New Modalities of Understanding

April 1, 2013

modalities

While doing research on the links between information architecture and information design, I came across a video clip of Richard Wurman talking about the origin of the term he has been credited with inventing. It isn’t the first place he’s told the story, so this particular video didn’t seem earth-shattering… until right around the 5:40 mark. Spurred by an apparent disdain for the sorry state of web design, he ventures into a discussion of modalities (ways of perceiving and experiencing), and particularly how new technology is often mistaken for a new modality in the way we experience information. He cites the iPad and the Kindle as examples of new ways of repackaging content, but not fundamentally better or significantly different ways of absorbing information. Reading is still reading, only now you can swipe and scroll through pages on a small screen instead of thumbing through a paper codex to do it.

What we have yet to achieve, he argues, is a “new path to viscerally understanding information.” This realization, that there is a whole frontier of human understanding that we have yet to venture into, is a critical one at a time when the notion of human progress is so sharply defined by what technology affords us — smaller devices, faster speeds, greater connectivity, more content, more screens, and bigger data — and when the prevailing conversations around understanding still hover at the level of methods, tools, technical issues, and other tribal/territorial concerns within data visualization, information architecture, information design, visual thinking, etc.

In my own research and work in information design, I’m constantly nagged by the feeling that not only will confusion continue to reign in the wild and wooly world of understanding professions, but that our heads will remain buried in the sand when it comes to forward thinking about the real future of understanding. Why does it seem like every other tweet, blog post, or magazine article these days questions or defends the validity of some visualization technique, complains about the “big data” phenomenon, stirs debate about good and bad infographics, or just cheerleads about “the power of [ fill in the viz ]” when the next chapters in understanding are hardly being written. How did we get so myopic?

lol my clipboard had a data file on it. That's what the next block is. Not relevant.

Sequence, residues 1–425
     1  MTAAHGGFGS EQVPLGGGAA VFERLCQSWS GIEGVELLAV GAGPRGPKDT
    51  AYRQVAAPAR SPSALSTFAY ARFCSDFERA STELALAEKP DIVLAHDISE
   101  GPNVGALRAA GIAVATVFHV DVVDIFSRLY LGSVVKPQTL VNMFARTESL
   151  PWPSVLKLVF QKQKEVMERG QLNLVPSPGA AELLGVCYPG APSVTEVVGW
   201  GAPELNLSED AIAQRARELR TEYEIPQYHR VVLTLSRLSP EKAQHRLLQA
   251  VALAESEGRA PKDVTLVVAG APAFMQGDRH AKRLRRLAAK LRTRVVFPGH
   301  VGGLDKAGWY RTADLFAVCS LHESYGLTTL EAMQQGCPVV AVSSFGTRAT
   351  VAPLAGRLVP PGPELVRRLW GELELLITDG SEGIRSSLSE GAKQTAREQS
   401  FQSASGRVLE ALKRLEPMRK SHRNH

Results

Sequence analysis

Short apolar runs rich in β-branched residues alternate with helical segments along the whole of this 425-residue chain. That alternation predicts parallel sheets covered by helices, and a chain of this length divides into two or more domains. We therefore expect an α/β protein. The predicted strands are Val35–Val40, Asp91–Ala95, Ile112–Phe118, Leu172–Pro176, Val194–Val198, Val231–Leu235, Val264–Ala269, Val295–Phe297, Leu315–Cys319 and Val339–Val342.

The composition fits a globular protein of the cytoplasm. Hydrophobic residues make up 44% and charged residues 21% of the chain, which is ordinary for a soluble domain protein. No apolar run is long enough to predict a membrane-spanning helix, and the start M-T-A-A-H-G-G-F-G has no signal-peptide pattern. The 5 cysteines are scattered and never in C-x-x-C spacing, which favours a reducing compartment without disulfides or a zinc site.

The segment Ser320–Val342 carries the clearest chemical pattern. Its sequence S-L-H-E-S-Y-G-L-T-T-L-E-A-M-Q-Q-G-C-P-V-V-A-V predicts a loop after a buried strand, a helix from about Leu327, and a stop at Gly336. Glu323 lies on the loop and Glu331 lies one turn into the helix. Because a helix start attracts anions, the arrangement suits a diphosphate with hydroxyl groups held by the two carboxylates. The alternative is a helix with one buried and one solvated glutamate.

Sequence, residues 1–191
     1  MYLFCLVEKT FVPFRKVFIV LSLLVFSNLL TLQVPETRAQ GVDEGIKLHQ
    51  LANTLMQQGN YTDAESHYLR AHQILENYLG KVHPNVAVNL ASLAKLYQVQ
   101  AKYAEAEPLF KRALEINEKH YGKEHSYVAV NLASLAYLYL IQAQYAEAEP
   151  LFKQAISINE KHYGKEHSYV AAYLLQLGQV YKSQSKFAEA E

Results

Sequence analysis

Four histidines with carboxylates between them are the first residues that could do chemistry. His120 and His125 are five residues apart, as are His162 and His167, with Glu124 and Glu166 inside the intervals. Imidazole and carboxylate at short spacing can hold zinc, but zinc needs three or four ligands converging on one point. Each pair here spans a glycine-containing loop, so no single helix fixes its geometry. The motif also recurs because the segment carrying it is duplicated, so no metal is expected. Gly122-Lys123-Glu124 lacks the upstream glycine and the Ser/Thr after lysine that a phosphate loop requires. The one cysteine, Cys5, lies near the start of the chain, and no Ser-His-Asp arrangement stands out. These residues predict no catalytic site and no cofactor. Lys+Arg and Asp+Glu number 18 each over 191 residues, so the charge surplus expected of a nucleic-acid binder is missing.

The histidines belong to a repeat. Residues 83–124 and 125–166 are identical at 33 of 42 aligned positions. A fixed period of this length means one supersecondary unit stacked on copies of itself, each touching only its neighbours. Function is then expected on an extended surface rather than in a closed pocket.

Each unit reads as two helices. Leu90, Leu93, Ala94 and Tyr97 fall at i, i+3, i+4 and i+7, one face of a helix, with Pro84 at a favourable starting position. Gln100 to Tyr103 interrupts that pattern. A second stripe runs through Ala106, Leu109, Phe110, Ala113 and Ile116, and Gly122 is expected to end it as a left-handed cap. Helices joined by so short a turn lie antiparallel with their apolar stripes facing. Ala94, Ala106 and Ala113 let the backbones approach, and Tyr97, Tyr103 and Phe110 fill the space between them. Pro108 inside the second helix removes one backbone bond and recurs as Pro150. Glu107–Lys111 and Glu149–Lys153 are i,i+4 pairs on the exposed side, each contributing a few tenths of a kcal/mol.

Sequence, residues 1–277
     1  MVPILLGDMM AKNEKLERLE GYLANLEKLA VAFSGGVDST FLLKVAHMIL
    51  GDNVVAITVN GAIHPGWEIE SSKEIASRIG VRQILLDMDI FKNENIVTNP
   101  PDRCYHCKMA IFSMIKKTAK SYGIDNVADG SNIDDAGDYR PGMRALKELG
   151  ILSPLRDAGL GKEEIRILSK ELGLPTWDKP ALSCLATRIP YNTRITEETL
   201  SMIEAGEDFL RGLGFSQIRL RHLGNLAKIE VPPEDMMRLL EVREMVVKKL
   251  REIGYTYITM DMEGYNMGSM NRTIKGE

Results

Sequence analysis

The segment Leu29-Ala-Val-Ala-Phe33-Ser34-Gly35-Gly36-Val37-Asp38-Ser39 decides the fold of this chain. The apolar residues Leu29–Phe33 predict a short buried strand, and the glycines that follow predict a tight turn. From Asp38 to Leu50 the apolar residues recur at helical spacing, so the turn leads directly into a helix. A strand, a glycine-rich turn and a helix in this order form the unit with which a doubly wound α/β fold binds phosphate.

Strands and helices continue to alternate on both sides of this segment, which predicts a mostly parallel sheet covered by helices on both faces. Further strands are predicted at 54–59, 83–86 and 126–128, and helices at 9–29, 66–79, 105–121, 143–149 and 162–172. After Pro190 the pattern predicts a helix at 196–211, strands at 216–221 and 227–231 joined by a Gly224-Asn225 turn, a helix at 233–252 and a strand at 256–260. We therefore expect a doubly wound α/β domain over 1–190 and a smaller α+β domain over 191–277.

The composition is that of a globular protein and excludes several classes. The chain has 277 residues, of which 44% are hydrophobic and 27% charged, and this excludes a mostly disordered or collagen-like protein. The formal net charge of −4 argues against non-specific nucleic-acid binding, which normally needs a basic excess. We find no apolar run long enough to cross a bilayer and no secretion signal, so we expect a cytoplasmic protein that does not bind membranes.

I think that one way to start thinking about the future of understanding is by “going off the reservation” of conventional study and practice and becoming reacquainted with the underpinnings of understanding, through studies of cognitive neuroscience, philosophy, and psychology, among other areas. The pursuit of “why” can lead to some interesting journeys:

  • Why do we understand? What makes understanding work?
  • Why are humans such visually-oriented creatures? Why don’t we use taste, touch, and smell more as information channels?
  • Why do writing systems work? How did so many different writing systems develop?
  • Why don’t we tap into dreams and the sub-conscious to aid understanding?
  • Why isn’t extra sensory perception explored more seriously?

The realm of science fiction can also provide food for thought and stimulus for research. A willingness to imagine wild new possibilities, regardless of practicality or basis in fact, can open doors that mundane patterns of thought might inhibit:

  • What if you could learn some difficult skill by uploading it to your brain, like in the Matrix?
  • How might a non-human alien species transfer knowledge?
  • What if there was a way to teach babies before they were born, to accelerate their learning?
  • What if you could smell a story, in vivid, accurate detail?
  • What if the concept of understanding went away because every idea and concept was instantly understood?

With so much untapped potential for exploration, I would be deeply disappointed, saddened even, if the pockets of discourse on and activities around understanding remained entrenched in self-analysis, self-criticism, and self-promotion. There is already growing enthusiasm in learning from the past (Lascaux caves, Inuit carved maps, Playfair, Priestly, Snow, etc.), so why not set our sights on the horizon and start discovering “breakthrough ways in the journey of understanding”?


Leaving Twenty Ten

January 1, 2011

twentyten

To say it’s been a long, difficult year is the understatement of the year. Few have been spared from the thrashing waves of change and misfortune that coursed through this year, whether it’s continued joblessness, lack of health insurance to cover necessary medical treatment, or the shock of sudden natural disasters. In my own life, I’ve been dealt a number of blows in fairly rapid succession. Since I’m not one to divulge every detail of my life to the world, I will only say that no other year has been as mentally draining or as psychologically challenging as 2010. I am grateful to have made it this far without resorting to substance abuse or public fits of berserk rage (it always helps to vent to someone who’s willing to listen).

What I will carry forward with me in 2011 is what I want to focus on in this last post of 2010. Every challenge has yielded some truth about human nature, the world, and the complex machinery of life. Some lessons hit me over the head, while others sunk in gradually as I made sense of a situation. I’m not done fully processing all that has happened this year, nor do I expect to glean all the answers anytime soon.